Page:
The rostrum is enveloped in dust.

Walking on laminate, my legs are weak, echoing the footprints before me.

A foot catches on wires, serpentine on the glossy platform.

Trembling, I do not crack, I do not turn to stone.

My heart beats a staccato rhythm.

I grasp the justification of all my efforts contained in a single strip of ribbon.

The strobing lights from the wrinkled audience leave my eyes blind.

Their hands echo the applause before me.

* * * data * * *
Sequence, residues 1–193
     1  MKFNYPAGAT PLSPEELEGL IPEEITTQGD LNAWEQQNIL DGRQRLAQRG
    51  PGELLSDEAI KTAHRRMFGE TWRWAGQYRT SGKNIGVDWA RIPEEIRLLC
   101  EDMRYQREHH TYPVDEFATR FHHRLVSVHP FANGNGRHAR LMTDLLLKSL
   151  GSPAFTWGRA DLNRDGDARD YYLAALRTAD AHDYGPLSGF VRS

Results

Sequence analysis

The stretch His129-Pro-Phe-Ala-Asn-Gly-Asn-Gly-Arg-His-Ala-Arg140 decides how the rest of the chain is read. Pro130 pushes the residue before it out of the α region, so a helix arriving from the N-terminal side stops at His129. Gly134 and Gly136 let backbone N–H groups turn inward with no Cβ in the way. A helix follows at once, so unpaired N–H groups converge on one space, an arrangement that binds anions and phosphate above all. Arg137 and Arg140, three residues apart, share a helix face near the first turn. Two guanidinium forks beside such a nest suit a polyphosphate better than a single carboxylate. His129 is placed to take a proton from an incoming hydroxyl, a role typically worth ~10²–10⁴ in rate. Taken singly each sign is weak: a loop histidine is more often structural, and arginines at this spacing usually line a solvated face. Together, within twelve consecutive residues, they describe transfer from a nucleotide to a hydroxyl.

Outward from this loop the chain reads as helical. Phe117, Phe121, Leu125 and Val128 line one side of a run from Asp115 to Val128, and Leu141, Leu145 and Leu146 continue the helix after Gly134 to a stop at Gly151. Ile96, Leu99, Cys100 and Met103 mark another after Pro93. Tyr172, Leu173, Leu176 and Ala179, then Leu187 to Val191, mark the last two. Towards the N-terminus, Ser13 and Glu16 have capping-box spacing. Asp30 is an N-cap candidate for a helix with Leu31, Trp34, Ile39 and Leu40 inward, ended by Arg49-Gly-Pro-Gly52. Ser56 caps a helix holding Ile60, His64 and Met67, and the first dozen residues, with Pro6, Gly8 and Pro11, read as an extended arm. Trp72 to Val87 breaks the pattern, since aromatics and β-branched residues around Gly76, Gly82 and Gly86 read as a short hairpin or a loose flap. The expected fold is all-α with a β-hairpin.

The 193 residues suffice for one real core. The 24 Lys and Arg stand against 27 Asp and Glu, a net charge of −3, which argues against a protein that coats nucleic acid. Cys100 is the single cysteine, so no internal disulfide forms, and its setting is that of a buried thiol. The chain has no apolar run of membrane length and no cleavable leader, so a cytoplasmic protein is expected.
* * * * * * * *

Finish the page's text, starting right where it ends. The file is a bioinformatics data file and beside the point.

I will soon be among them, now shedding the limbo of child and adult.

I will too, work to provide a roof over my head at the price of never appreciating the sky.

I will too, embrace the traditional and shun change, in fear of proving myself obsolete.

I will too, find pride in the form of a trembling babe with a body too small for its staccato heart.

And I will too, echo the same mistakes made before me.

And this paper will mean nothing.

And I will mean nothing.

Everything I will leave will mean nothing.

All is left but dust on an empty rostrum.


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